Although it sparked an angry response on Thursday night, the Executive Yuan’s Referendum Review Committee’s decision to turn down a proposal by the Taiwan Solidarity Union (TSU) for a referendum on an economic cooperation framework agreement (ECFA) with China wasn’t exactly a surprise.
In fact, months ago members of the Alliance of Referendum for Taiwan were telling this newspaper that they did not expect the referendum proposal would be accepted, even if it was perfectly legal and met all relevant benchmarks.
While this could be construed as a cynical, if not politicized, reason for submitting a proposal to the committee, it also reflects the current state of affairs in Taiwan, whereby the ability to keep the government honest and, when necessary, in check, is seemingly under assault.
While the current legal threshold for holding a referendum is unworkably high, there is every indication that even meeting those requirements under President Ma Ying-jeou’s (馬英九) administration would be insufficient to derail or, at minimum, slow down, a process that has developed in a largely undemocratic fashion.
Shooting down the proposal on the grounds that it addresses a matter the content of which is unknown is an insult to everybody’s intelligence, as the only reason the content of the agreement is unknown is that the negotiations have been conducted in secret.
The TSU has said that it intends to resubmit a proposal, but by this point doing so is more a matter of further discrediting the Ma administration than an honest effort to secure a referendum.
With the referendum option for all intents and purposes dead in the water, the last remaining democratic tool to ensure that an ECFA meets the nation’s needs and does not undermine its sovereignty is the legislature. Following comments by the Chinese foreign ministry earlier this week that Beijing would not allow Taiwan to sign free-trade agreements with other countries after an ECFA is inked — one of Ma’s main selling points on the matter — it is now more important than ever that there be some form of monitoring of the executive and non-elected officials involved in negotiations with Beijing on the trade pact.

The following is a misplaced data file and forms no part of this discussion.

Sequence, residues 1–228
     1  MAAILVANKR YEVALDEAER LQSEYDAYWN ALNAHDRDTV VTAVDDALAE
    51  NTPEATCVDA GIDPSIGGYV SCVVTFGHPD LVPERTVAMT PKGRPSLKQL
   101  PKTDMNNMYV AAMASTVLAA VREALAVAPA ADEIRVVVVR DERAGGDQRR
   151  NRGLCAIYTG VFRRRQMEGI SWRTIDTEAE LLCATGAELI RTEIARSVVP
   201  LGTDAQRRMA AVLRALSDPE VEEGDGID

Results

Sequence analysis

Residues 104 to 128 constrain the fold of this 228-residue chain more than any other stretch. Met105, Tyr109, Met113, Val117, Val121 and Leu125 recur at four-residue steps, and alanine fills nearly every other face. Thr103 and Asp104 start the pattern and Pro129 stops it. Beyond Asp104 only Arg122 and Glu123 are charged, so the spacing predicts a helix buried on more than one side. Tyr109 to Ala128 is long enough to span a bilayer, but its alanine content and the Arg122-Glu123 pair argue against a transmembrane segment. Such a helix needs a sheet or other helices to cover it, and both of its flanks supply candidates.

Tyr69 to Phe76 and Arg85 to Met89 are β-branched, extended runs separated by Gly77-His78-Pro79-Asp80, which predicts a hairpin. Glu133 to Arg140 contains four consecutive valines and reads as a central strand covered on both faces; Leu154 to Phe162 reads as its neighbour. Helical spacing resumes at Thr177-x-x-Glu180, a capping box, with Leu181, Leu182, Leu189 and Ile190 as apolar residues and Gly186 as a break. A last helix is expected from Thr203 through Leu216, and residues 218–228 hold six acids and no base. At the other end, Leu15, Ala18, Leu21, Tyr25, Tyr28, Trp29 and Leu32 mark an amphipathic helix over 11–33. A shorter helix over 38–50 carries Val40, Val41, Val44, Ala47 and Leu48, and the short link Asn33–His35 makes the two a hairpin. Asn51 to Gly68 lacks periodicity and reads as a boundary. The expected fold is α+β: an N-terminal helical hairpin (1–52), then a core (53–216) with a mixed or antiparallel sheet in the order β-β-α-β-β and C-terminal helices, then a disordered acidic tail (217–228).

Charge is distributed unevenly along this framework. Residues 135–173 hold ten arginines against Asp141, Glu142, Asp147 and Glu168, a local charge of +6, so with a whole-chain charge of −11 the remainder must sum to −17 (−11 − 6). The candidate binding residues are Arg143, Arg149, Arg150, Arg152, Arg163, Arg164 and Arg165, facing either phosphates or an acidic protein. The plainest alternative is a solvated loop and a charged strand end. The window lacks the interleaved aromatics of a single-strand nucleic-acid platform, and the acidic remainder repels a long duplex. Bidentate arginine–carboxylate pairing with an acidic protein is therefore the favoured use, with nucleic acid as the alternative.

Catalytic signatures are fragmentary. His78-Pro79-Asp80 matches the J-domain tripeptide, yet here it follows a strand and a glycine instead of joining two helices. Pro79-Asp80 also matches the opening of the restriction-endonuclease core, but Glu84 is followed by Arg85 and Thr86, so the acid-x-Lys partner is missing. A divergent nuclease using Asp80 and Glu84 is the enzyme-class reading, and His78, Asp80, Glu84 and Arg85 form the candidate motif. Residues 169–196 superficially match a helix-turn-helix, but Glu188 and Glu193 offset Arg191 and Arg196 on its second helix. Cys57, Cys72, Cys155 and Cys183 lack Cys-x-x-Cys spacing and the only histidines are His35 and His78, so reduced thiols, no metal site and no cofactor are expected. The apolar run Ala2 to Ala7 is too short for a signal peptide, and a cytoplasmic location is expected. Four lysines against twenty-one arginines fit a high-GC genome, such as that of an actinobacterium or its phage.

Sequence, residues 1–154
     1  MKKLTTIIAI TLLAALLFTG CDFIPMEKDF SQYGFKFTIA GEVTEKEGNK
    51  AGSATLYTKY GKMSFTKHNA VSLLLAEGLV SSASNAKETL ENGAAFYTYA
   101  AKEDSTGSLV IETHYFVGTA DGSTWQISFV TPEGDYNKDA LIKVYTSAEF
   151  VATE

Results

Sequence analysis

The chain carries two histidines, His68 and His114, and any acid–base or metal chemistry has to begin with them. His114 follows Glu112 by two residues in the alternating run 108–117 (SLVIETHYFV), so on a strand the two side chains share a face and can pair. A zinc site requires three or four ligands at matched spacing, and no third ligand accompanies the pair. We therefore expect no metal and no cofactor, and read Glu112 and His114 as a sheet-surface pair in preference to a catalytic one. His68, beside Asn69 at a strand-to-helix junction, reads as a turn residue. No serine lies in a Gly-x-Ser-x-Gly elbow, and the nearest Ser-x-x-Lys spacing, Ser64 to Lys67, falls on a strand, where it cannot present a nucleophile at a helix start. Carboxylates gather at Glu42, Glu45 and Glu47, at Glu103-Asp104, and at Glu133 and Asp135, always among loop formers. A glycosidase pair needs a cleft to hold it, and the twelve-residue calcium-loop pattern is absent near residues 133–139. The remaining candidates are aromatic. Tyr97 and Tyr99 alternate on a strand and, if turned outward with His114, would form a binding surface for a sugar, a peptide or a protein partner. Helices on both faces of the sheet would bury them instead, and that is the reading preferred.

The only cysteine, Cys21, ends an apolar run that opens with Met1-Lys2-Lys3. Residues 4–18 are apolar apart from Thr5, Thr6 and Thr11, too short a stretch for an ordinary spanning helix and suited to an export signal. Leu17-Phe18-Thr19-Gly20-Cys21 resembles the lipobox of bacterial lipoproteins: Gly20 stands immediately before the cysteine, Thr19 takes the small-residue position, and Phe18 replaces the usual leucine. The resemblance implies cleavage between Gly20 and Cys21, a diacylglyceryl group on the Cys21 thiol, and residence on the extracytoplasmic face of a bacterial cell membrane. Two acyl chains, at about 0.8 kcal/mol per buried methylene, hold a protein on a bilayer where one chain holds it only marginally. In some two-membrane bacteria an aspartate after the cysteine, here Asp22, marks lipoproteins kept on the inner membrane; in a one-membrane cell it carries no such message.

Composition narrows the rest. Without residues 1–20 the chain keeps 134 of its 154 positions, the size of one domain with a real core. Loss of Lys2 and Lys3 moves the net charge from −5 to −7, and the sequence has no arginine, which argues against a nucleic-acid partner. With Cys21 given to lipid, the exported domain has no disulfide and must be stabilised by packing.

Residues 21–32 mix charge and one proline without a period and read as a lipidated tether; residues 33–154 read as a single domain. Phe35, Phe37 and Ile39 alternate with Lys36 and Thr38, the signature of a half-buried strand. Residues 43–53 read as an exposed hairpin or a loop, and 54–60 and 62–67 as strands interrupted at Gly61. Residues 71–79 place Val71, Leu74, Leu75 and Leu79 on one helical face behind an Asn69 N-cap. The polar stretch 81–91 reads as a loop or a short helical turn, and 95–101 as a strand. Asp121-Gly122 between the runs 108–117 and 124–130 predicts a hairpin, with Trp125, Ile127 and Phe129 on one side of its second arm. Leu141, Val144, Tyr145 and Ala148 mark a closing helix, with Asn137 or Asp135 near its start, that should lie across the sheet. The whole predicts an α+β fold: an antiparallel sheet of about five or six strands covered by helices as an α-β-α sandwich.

Sadly, though, the one person who has the power to ensure that the legislature remains a credible check on the executive appears to have abdicated his responsibilities. Granted, given the pan-blue camp majority in the legislature, Legislative Speaker Wang Jin-pyng (王金平) faces a tremendous challenge in making this body more than a rubber-stamp for the executive.
However, for an ECFA to be legitimate and acceptable to an increasingly skeptical public, bipartisan, chapter-by-chapter debate on the contents of the trade pact — and revisions, where revisions are needed — is imperative. Wang himself, quoting a Council of Grand Justices statement, has said that an ECFA is not a treaty, but rather an “administrative agreement,” which means that the legislature has, under the Constitution, the power to make amendments. (If it were a treaty, the legislature could only say “yes” or “no” to a piecemeal document.) Interestingly, while Washington has limited means by which to exert pressure on the Taiwanese executive, it has far more influence at the legislative level and could pressure, if not counsel, Wang and his aides.